The Fiction

U. of T.: 2020

From the Summer, 2001, issue 

(No. 5)

Art by Ian Phillips
Ian Phillips

Elizabeth took a slurp of the oversized lollipop, willing the sedative coating into her bloodstream. She wanted to be numb before she got into the lecture hall.

“...I mean, what’d ya want? To go back to the old style of schooling, all on hypotheticals? ” Bill was looking at her for an answer, but she knew he’d be happy to provide one of his own. “I sure don’t. What’s the point of getting a degree without a corporate backer? They need people who are up to speed on company history, ready to hit the ground running.”

“I know,” Elizabeth said. Bill put his arm on her shoulder. Elizabeth looked at the arm of his U. of T. jacket for a second—the Microsoft logo below the year he was supposed to graduate—and dully wished he wouldn’t touch her. But then where would she be? She looked at the students passing by, seeing a girl like her similarly attired with pigtails and skirt and boyfriend. She was also eating a lollipop, but, because she was blond, hers was lemon. Elizabeth sighed, wishing they had red lollipops in flavours other than cherry. She was sick of it.

Bill was annoyed that his pep talk hadn’t worked, but covered it up with a pretty good likeness of sympathy. “You’re just pissed ’cause you have to do that demographic assignment again.”

She shrugged, batting her eyes at him and sucking prettily around a smile. He smiled smugly and yanked one of her pigtails.

Of course he was wrong. When was he not? She had done that assignment “properly” in an hour flat. How many eighteen-to-thirty-fours her company would attract with extreme-level shoe ads versus how many thirty-fives-to-fifties it would repel was insultingly easy; Elizabeth had originally factored in the greater consumer loyalty of the older demographic. We’re covering short term this week, the prof had said, adjusting his Nike sweatband like he always did when he was annoyed.

No, it was last night that was bothering her. Seeing Simon jamming his clothing into a backpack, chattering about Mexico like it was a good thing that he was going there, that he didn’t mind having to move every few months to the next ghetto as the rent climbed beyond his means. “We’re not economically displaced, we’re the new gypsies!” he had said, and she had fought the stinging in her nose. Could she have saved him if she had fought harder with him about applying for a corporate backer? He had given her a bracelet he had made of latex and string, and shouldered on his backpack. Their goodbye hug had squeezed tears out of her.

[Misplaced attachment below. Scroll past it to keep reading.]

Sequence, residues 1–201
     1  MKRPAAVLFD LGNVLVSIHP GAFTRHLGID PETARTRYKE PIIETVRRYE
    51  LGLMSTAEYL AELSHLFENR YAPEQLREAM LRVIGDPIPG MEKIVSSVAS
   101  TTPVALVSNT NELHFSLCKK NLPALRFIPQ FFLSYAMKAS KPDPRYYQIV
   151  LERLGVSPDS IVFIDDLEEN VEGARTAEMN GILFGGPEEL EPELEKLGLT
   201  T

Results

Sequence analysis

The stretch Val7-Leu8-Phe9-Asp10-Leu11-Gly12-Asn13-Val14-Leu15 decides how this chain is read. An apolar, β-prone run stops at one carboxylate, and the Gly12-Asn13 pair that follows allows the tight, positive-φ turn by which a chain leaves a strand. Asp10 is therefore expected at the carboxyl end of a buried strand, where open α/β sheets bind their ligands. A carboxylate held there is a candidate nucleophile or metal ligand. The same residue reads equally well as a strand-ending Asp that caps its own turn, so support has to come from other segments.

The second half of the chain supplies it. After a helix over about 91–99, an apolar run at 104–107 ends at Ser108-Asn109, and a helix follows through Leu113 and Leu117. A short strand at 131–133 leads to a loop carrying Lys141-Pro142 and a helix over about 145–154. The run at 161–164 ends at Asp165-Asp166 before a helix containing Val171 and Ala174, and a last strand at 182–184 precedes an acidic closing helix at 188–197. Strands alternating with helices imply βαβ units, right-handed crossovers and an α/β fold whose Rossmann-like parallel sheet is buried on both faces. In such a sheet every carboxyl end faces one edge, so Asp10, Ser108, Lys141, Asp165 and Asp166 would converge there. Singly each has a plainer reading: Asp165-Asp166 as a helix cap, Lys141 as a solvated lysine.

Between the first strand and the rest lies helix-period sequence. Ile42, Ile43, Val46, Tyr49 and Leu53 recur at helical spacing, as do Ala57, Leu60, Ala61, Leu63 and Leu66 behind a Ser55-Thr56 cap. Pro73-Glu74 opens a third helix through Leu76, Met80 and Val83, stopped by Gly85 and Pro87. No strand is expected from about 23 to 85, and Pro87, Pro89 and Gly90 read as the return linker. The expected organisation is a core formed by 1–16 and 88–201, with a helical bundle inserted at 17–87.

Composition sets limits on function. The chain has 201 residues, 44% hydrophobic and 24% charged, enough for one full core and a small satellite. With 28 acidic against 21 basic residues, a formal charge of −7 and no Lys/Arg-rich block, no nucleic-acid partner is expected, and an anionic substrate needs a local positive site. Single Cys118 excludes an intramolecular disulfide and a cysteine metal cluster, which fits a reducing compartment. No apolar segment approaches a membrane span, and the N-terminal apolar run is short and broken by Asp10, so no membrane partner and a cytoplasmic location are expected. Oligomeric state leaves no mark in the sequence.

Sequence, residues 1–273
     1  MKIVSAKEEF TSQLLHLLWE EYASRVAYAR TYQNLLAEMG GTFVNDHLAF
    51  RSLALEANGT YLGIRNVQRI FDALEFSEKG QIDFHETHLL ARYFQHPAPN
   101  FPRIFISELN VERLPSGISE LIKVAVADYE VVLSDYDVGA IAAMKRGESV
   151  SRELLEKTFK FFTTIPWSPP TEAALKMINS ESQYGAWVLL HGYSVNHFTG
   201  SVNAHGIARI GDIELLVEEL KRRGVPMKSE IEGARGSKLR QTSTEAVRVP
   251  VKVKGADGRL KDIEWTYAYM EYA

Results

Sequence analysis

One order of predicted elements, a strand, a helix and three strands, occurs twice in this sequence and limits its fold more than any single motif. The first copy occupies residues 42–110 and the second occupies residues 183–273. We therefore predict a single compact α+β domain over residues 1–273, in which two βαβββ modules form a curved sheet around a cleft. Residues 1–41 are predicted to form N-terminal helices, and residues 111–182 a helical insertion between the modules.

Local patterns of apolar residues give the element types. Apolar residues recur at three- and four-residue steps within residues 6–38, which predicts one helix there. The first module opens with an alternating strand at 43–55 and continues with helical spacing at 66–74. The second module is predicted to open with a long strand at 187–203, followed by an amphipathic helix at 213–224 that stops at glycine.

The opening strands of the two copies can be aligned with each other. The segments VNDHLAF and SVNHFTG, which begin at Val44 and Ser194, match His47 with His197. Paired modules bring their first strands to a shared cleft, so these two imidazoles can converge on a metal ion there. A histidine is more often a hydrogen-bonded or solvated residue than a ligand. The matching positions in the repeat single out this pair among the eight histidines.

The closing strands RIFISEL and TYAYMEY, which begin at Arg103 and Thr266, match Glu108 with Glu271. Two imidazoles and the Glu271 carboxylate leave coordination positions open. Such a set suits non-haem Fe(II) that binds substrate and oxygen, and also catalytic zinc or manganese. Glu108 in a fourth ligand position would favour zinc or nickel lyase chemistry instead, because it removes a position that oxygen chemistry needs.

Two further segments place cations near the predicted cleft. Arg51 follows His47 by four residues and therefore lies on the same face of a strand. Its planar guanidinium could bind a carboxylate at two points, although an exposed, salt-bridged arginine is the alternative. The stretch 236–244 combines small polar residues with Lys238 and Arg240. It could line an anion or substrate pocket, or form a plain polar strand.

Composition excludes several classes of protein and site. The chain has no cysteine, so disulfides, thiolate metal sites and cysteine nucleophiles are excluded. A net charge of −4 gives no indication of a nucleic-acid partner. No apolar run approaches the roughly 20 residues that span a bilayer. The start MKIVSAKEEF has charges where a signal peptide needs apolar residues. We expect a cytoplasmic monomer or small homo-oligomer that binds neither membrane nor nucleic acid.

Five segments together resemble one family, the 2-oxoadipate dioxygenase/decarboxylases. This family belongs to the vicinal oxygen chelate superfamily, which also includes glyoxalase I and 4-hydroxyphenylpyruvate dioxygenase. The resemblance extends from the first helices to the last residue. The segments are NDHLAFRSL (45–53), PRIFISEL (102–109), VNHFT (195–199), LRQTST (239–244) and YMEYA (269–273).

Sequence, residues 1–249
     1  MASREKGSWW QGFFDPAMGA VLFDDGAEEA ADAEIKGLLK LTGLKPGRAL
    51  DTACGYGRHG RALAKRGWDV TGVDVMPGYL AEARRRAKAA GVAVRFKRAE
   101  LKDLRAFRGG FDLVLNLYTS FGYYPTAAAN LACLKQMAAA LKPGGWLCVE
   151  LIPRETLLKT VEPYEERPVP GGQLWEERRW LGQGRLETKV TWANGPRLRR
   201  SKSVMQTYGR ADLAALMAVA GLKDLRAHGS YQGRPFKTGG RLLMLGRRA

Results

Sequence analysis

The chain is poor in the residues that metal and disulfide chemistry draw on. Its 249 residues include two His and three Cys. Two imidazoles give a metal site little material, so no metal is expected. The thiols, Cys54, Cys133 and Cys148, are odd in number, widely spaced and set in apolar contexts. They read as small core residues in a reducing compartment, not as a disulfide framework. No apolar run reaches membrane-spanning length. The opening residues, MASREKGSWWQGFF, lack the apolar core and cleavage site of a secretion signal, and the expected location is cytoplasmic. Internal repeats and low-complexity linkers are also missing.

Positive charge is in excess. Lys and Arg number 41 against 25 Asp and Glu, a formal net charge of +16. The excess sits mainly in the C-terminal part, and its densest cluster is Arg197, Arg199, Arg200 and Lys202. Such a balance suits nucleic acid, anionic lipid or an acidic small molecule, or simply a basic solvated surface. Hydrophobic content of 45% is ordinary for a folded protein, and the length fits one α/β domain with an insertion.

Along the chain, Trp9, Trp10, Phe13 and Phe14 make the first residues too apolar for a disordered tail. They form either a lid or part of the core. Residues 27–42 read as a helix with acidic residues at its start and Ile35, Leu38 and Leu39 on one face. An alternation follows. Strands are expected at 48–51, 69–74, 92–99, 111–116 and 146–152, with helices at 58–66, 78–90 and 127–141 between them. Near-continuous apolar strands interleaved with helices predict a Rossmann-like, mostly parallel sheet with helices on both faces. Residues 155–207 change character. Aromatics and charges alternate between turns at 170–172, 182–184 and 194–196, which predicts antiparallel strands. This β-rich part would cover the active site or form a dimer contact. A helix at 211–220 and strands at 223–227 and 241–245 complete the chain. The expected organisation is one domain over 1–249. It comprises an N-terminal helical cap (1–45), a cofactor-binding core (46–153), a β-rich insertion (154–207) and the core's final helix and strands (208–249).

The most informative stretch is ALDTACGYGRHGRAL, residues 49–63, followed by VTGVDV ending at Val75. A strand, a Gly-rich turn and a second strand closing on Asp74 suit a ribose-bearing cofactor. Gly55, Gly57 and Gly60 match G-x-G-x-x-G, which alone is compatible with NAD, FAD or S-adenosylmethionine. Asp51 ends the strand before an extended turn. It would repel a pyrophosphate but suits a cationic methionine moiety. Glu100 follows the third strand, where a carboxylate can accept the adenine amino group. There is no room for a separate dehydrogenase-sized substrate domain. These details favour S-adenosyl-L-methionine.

Elizabeth started crunching her lolly. Bill fished out his card, slid it through the Coke-can-shaped reader, and disappeared into the building with a wave. As soon as he had lifted his leather-swathed arm from her shoulders she felt light, a giddy and frightening feeling that she attributed to the sedatives. She continued towards the lecture hall, her tummy a balloon, wondering if she could float away to Mexico on it.

Jim Munroe has written graphic novels and prose novels praised by Pulitzer-winner Junot Diaz and comics legend Neil Gaiman, and lo-fi sci-fi feature films applauded by Wired and the Guardian. His political video games have appeared at Sundance and Cannes, and he co-founded the world's first videogame arts organization. He was an Art Gallery of Ontario Artist-in-Residence in 2014. He has contributed to the magazine since 2001. Last updated Winter, 2019โ€“2020.
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